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BREAKTHROUGH: Feisty startup slashes chip power by 50%

SuVolta to Intel: 'The future is the $10 chip, not the $200 chip'

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An impressively staffed startup by the name of SuVolta has teamed up with Japanese heavyweight Fujitsu Semiconductor to create a new chip-baking technique that promises low-power, inexpensive chips created in a highly scalable process and manufactured using equipment that's already ready in chip foundries.

Yes, that description is a bit of a mouthful – but that's the breadth of promise offered by SuVolta's "deeply depleted channel" (DDC) CMOS transistor tech, as presented on Wednesday by a Fujitsu researcher at the 2011 International Electron Devices Meeting (IEDM) currently underway in Washington DC.

If DDC works as advertised – and from the deep-dive details and test results provided to The Reg by SuVolta's director of device and modeling Lucian Shifren, we have no reason to think that it shouldn't – it could revolutionize how low-power system-on-chip (SoC) silicon is created.

What DDC involves, and what provides its promise, is a new way of creating transistors based on standard bulk planar CMOS manufacturing techniques, and not on more-expensive and specialized transistor manufacturing processes that have cropped up in the past decade or so to allow chip designers to keep pace with that tough taskmaster, Moore's Law.

Shifren emphasized that although DDC could be applied to any level of chippery, SuVolta is currently more concerned with foundry-created, low-power chips, and not the hefty x86 CPUs baked by Intel in their custom fabs. SoCs are where the market is headed, he told us.

"CPUs and GPUs are not actually driving the semiconductor market anymore," Shifren said. "What's driving it are SoCs, and especially those adapted to mobile forms."

The company that's currently driving semiconductor technology, however, is Intel. But Chipzilla has traditionally focused its research on larger, more powerful chips based on the aging IA architecture – although it would dearly love to break into the lucrative mobile market, dominated by non-IA ARM chippery.

"If you look at the industry as a whole right now, who really defines the technology and the technology roadmap?" Shifren asked, rhetorically. "It's Intel." He also gave historical props to IBM, but averred that in recent years Intel has been leading the way.

As an example, Shifren offered Intel's variation of 3D FinFET transistor technology, what Chipzilla calls Tri-Gate. "Have a look at how after Intel made its announcement of FinFET, everybody and their mother came out and said they were going to be working on FinFET," he said.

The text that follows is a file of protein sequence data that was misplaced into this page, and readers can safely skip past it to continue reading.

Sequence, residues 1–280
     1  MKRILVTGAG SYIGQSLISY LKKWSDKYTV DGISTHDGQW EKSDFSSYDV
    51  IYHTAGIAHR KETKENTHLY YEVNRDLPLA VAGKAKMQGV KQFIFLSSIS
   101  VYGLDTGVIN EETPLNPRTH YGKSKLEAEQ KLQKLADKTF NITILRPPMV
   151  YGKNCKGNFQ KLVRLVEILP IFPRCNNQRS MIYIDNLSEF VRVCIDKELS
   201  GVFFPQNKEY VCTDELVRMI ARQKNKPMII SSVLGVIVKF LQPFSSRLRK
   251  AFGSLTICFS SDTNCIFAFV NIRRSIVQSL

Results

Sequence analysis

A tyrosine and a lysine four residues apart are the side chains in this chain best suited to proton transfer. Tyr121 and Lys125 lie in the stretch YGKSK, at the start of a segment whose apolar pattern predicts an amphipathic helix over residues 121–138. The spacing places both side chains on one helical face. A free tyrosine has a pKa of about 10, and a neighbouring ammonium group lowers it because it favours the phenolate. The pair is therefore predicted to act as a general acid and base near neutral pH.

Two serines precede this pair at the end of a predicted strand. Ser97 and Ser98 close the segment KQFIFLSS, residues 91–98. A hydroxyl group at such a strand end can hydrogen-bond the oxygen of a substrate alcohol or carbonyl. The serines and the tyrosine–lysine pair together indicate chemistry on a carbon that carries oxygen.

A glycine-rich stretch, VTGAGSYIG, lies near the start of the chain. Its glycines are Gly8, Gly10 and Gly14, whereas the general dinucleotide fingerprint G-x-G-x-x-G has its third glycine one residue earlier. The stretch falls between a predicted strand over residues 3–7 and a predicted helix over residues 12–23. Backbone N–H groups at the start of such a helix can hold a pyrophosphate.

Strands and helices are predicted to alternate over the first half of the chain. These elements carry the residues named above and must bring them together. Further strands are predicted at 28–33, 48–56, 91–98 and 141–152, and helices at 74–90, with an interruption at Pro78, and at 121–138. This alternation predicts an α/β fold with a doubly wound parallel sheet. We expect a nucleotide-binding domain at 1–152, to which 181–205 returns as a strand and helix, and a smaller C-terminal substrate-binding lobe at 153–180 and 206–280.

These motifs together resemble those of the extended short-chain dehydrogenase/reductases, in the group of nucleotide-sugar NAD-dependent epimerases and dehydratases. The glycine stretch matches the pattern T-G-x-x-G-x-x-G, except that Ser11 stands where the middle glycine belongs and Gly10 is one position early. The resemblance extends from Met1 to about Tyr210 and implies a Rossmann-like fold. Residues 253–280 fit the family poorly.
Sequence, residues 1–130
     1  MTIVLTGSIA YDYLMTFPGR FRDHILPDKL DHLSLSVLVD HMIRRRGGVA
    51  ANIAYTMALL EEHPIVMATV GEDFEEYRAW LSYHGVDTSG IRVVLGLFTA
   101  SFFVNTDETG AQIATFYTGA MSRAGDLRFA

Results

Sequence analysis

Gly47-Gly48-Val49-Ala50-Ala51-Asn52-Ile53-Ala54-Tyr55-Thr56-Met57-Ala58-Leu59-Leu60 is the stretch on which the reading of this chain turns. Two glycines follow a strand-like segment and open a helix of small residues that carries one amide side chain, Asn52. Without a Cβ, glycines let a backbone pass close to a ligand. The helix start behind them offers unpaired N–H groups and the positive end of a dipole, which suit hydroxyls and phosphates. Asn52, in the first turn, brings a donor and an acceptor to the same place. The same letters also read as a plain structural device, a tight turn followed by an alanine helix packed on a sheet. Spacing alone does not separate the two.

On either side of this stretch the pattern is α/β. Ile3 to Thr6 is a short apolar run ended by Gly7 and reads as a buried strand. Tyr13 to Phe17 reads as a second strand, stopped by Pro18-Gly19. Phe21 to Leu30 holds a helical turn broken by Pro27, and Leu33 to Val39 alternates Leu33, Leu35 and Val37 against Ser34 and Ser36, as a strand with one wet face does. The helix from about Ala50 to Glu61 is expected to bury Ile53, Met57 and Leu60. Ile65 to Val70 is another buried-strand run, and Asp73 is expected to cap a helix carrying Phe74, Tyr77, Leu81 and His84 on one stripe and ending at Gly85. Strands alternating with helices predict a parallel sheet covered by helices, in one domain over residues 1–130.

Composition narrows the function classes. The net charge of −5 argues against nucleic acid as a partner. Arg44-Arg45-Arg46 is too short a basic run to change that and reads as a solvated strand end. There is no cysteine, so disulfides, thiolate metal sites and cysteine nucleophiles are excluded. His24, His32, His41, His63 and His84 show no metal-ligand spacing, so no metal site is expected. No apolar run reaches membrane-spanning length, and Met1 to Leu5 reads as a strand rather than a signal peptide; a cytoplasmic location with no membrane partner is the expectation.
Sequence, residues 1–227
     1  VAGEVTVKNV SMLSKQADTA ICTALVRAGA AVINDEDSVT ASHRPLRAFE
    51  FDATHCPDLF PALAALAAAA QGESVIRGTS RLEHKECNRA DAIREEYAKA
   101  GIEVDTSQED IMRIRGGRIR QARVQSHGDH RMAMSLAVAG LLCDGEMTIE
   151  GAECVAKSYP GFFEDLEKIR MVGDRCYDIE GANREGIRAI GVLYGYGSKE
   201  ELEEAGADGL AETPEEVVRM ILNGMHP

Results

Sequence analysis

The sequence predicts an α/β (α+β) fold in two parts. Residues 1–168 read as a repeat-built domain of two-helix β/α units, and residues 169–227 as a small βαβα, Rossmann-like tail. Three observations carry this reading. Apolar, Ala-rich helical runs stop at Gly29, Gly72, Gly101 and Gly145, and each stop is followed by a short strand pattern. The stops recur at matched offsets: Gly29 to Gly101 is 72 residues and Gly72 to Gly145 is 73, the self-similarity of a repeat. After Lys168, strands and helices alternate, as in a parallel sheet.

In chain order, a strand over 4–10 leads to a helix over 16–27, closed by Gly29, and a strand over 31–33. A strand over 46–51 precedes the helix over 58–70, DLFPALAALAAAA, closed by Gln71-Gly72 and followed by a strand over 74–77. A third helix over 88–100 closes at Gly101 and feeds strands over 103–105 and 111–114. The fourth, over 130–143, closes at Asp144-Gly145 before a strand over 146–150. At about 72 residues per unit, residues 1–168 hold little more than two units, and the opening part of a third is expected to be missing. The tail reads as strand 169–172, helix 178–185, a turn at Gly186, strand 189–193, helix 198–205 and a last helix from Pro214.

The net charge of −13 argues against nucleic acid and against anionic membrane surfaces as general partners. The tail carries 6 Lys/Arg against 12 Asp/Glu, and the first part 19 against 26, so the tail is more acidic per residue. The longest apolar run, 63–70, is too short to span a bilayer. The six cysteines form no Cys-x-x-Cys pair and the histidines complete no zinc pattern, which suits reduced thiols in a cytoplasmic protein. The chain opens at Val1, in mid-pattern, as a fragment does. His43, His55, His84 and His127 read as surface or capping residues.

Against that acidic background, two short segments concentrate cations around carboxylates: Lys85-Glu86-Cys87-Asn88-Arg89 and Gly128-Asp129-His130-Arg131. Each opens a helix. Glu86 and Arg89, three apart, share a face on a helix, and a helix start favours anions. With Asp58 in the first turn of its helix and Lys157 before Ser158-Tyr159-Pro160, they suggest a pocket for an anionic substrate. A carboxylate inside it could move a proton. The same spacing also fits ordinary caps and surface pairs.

According to Shifren, however, neither FinFET nor another transistor structure known as fully depleted silicon-on-insulator (FD-SOI), which has been around for nearly a decade, are the best choices for the low-power, low-cost SoC market – although others may disagree when Shifren says "I believe FD-SOI is dead."

SuVolta IEDM presentation slide

SuVolta's DDC transistor shares many advantages of cheap-as-dirt, versatile bulk planar CMOS (click to enlarge)

Not only are both of those techniques expensive when compared with good ol' traditional non-depleted planar bulk CMOS, Shifren says, but they don't scale well for creating a range of chips running at different voltages.

(A bit of background: you'll notice that the term "depleted" is being bandied about a bit. Simply put, a depleted transistor is one in which stray current is minimized in such a way as to prevent power leakage, and to allow the transistor to be activated at a lower voltage. For a fuller explanation, check out an earlier Reg article about Intel's tri-gate transistors.)

Shifren told us that voltage reduction has been given short shrift in the drive to keep up with Moore's Law. "If you look at Moore's Law, and how Moore's Law has been evolving over the last couple of years," he said, "advances in patterning and moving to double patterning, immersion masks, and things like that, the industry has been able to keep along with Moore's Law – as long as you're talking about dimensional scaling.

"But if you have a look at the voltages," he continued, "they haven't scaled nearly as quickly. They actually haven't scaled at all in the last couple of years."

He recited the history of processor voltage scaling, starting a five volts, then down to the low fours, then 3.5V, 2.5V, 1.8V. Then curve of the decreases began to flatten out, now hovering around 1V to 0.7V. Moore's Law, on the other hand, has kept chugging along, doubling transistor density every 18 to 24 months.

SuVolta's breakthrough is that it has managed to slash that voltage requirement essentially in half, a level of improvement that should please any fan of Moore's Law–scale improvements. The company's DDC transistors, used in a proof-of-concept SRAM chip manufactured by Fujitsu, require a mere 0.425V.

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